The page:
Whither Local Govt Administration?

With the strike action embarked upon by members of the National Union of Local Government Employees (NULGE) now in the second month, some fundamental political questions revolving around the declining impact of local government administration amidst deteriorating financial capacity and independence are beginning to come up to the centre stage of public debate.
The local government as a political tier and development agency for popular political participation is constitutionally vested with responsibilities around primary healthcare, environmental sanitation, agricultural service extension, management and maintenance of markets and parks, promotion of adult education and liaison with traditional institutions for the sustenance of peace and security.
The post-independence local government system in Nigeria has, however, been marked by virtual erosion of independence both in the military era where there is no clear cut ratio of proper distribution of powers and resources amongst the federal, state and the local government. The military operated a system akin to a unitary system with a grossly reduced power of both the States and the local government.
With sixteen years of uninterrupted democracy, the lots of the local government system in Nigeria has not shown signs of improvement in the positive direction. With foisted leadership, joint account with the state, weakened capacity for revenue generation and leadership that is answerable not to the people of the grassroots there has been a virtual erosion of independence for the third tier of government said to have been conceived to bring development closest to the people.
The worrisome reality staring Nigerians on the face is that the 25 local government areas in Delta State as part of the 774 council areas in the country are finding it near impossible to pay salaries to their workers. A number of the councils have not paid their employees full salaries since December 2014. No credible explanation has been given as to why the situation is the way it is. The weak financial base is blamed on the dwindling revenue from oil which translates to reduced allocation from the federation account.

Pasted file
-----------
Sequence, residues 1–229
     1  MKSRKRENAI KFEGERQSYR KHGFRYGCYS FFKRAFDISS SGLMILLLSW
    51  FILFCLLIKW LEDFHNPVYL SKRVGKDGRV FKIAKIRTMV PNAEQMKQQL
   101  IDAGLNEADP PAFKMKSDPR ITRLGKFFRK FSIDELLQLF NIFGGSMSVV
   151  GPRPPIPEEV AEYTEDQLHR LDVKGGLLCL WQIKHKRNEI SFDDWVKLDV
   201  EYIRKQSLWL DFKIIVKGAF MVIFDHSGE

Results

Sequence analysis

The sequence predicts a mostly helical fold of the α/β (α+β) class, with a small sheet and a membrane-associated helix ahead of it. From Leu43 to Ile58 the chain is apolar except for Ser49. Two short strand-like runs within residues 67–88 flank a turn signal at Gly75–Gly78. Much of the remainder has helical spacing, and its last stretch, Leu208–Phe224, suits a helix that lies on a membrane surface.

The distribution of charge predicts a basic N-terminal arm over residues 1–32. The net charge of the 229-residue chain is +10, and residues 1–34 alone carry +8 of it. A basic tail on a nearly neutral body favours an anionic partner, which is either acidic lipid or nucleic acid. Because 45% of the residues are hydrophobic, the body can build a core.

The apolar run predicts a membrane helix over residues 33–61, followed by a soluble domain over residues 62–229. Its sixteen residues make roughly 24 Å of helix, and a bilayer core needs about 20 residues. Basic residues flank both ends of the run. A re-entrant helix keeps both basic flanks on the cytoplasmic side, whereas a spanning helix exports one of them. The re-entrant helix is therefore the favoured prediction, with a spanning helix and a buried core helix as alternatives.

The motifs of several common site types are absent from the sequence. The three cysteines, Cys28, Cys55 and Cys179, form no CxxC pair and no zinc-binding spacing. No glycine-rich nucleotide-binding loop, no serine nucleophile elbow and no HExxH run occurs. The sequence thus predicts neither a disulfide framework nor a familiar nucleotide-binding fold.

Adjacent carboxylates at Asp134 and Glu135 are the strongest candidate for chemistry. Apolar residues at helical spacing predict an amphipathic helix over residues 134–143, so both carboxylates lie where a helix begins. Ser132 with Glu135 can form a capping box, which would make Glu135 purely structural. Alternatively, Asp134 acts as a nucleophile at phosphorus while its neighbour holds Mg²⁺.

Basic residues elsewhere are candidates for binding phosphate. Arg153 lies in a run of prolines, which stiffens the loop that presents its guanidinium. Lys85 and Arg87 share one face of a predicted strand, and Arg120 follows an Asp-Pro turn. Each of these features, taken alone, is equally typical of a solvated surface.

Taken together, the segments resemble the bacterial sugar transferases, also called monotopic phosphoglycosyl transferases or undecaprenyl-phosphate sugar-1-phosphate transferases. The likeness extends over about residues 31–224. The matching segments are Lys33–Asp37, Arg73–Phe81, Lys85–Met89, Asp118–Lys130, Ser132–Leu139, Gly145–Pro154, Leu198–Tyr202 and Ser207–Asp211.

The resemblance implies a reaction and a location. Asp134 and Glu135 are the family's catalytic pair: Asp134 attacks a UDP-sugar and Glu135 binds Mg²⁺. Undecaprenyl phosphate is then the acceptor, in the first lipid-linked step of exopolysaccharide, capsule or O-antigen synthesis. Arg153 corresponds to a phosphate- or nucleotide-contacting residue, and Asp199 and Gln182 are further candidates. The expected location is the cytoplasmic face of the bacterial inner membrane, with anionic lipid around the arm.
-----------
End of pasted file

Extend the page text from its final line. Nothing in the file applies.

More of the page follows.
We consider it an unhealthy development in the polity for the local government system in the state to be shut down for close to two months now without a valid explanation to members of the public on efforts being made to return that critical tier of government to operational normalcy and developmental relevance.
It is indeed curious that efforts at local government reforms to improve impact and functionality right from the Udoji civil service reforms of the 70s have failed to yield the desired result. The travails of the local government system in Nigeria is largely political. Whereas Section 7 of the 1979 constitution of the Federal Republic of Nigeria guarantees a democratically elected leadership for the local government, experience has shown overwhelming influence of the officials of states across the country on the tone, character and direction of leadership at the local government areas across the country. The interest of the people of the grassroots often end up being subordinated to the whims and caprices of the leadership of the other tiers.
The time is indeed ripe for the National Assembly to come up with an Act that should legislate the local council system in Nigeria back to developmental and administrative relevance through considerable autonomy. The alternative to that is to legislate the third tier of government completely out of existence.
That will in some ways be defining the system instead of what currently exists where the local government system is being funded from the crumbs that seldom fall from the tables of the other tiers of governance.